Dimensional modeling for operational systems

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Dimensional modeling for operational systems

Post  celoto on Thu Jul 30, 2009 7:00 pm

It seems to me that dimensional modeling is adequate for database modeling even for operational systems.

From my perspective, a dimensional model can register any set of business process and it is already adequate for query.

If the whole organization used only one dimensionally designed metadata , I think it would save a lot of work.

Am I crazy?

Rodrigo


Last edited by celoto on Thu Jul 30, 2009 11:39 pm; edited 1 time in total

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Re: Dimensional modeling for operational systems

Post  BoxesAndLines on Thu Jul 30, 2009 11:14 pm

Yes you are. The dimensional model, by Dr. Kimball's own admission*, is only applicable for reporting. The dimensional model is designed for read performance, not update and delete performance.

* See Kimball's A Dimensional Modeling Manifesto Manifesto Link
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And a normalized one?

Post  celoto on Fri Jul 31, 2009 10:33 am

And if I modeled a normalized database (3NF), using snowflake schema, where there were only transact fact tables (degenerate dimension) and dimension tables?

Of course the performance of this approach is not so good compared to a not so normalized but this metadata seems more adequate to business communication and more prepared for an aggregated and denormalized DW.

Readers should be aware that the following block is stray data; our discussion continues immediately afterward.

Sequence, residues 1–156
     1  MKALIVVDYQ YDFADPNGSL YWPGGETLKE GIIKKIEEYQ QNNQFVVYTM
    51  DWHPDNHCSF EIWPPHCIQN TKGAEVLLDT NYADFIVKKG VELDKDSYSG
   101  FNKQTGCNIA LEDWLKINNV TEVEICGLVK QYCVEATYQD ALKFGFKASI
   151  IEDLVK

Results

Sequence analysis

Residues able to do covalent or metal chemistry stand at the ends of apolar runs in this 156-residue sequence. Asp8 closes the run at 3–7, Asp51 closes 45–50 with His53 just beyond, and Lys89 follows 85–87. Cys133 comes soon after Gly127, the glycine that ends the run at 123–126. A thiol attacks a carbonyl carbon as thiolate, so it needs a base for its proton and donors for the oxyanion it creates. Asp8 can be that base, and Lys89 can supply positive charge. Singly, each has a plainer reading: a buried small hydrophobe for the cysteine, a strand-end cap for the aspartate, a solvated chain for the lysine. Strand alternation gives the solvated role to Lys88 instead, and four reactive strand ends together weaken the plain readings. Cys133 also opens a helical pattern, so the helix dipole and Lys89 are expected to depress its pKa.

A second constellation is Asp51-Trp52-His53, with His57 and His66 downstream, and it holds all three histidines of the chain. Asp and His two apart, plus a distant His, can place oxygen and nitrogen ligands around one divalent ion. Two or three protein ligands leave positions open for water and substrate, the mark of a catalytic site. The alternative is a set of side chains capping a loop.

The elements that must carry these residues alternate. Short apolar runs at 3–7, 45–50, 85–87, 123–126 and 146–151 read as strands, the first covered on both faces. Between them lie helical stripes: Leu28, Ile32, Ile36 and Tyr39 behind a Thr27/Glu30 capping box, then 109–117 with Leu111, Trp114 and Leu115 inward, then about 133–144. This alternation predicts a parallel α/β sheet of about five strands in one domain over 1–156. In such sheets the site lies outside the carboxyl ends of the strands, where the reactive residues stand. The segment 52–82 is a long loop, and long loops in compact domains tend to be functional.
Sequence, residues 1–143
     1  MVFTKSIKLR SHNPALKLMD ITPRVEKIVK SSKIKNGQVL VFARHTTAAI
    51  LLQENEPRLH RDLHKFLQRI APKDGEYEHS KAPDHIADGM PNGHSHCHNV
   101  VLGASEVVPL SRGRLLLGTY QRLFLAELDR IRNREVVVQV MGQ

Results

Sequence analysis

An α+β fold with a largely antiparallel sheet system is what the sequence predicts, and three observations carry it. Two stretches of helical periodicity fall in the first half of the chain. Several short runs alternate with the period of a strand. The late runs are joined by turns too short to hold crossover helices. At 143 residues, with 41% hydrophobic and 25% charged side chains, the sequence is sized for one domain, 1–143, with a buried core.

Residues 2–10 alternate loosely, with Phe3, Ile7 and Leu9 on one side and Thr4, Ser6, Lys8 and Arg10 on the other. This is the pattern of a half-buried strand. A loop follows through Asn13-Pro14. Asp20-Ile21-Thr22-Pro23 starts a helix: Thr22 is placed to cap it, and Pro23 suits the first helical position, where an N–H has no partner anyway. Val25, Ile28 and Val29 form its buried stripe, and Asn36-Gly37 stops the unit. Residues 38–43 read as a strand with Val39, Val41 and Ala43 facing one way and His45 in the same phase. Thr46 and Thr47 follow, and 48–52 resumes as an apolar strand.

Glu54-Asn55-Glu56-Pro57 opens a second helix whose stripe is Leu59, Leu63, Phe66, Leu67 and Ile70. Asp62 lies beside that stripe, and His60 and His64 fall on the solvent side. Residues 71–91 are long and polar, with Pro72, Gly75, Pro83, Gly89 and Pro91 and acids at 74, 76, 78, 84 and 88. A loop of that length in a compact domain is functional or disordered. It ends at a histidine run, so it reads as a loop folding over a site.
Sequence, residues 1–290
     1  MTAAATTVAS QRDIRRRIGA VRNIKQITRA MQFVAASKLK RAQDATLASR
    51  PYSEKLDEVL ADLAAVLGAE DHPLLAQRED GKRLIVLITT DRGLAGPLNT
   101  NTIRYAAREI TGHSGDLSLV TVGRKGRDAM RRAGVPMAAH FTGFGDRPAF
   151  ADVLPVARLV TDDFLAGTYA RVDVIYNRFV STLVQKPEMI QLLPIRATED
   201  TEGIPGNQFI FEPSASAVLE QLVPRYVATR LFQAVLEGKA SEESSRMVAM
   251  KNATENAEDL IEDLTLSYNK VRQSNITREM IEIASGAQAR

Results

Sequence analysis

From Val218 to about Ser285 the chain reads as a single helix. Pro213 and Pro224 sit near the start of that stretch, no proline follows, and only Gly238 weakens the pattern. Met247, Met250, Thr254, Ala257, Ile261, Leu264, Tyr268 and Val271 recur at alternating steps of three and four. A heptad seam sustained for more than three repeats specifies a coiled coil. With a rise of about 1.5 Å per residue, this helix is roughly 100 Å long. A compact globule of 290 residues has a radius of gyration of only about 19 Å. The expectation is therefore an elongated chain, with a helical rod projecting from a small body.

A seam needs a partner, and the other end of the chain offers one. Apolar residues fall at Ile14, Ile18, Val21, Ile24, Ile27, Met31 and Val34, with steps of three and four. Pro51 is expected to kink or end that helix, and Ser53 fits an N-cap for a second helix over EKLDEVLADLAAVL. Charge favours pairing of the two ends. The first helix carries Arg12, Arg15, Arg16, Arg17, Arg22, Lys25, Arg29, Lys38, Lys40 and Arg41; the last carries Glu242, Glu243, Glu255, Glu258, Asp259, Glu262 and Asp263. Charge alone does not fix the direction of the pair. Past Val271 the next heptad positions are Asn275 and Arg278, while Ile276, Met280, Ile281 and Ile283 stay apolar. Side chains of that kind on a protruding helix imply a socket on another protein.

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Operational DW

Post  swaynebell on Fri Aug 07, 2009 9:29 am

There's a great thread on this topic - see "Reasons to use 3NF vs Dimensional Modeling"....I must admit that my intuition pushed me in the 3NF direction as I consider the design for our Operational Data Warehouse...however, after reading that thread, I think that a dimensional model will work for us, and "eliminate the middleman" as one poster phrased it..so, rather than design a 3NF data warehouse and tack on a data mart, I think I'll go with a dimensional model for this project.

I do appreciate the ETL considerations raised in the other thread; however, based on our situation, I think the dimensional approach is doable.

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Re: Dimensional modeling for operational systems

Post  ngalemmo on Fri Aug 07, 2009 11:20 am

swaynebell wrote:There's a great thread on this topic - see "Reasons to use 3NF vs Dimensional Modeling"....I must admit that my intuition pushed me in the 3NF direction as I consider the design for our Operational Data Warehouse...however, after reading that thread, I think that a dimensional model will work for us, and "eliminate the middleman" as one poster phrased it..so, rather than design a 3NF data warehouse and tack on a data mart, I think I'll go with a dimensional model for this project.

I do appreciate the ETL considerations raised in the other thread; however, based on our situation, I think the dimensional approach is doable.

No argument with your point as it applies to data warehouses, however, I believe celoto's suggestion deals with transactional systems (i.e. order entry, payroll, accounts receivable and the like...) which is a whole other matter.

Such systems are implemented using normalized databases for a host of good reasons. Most important of which is a data value exists in one and only one place with unabiguous keys to identify the row. Updates to the data are direct and well defined, which is critical to maintaining data integrity in an evironment subject to highly concurent and random updating. Updates to a data warehouse, on the other hand, are strictly controlled and structured, so you can maintain denormalized structures without the problems you would otherwise have in an operational environment.
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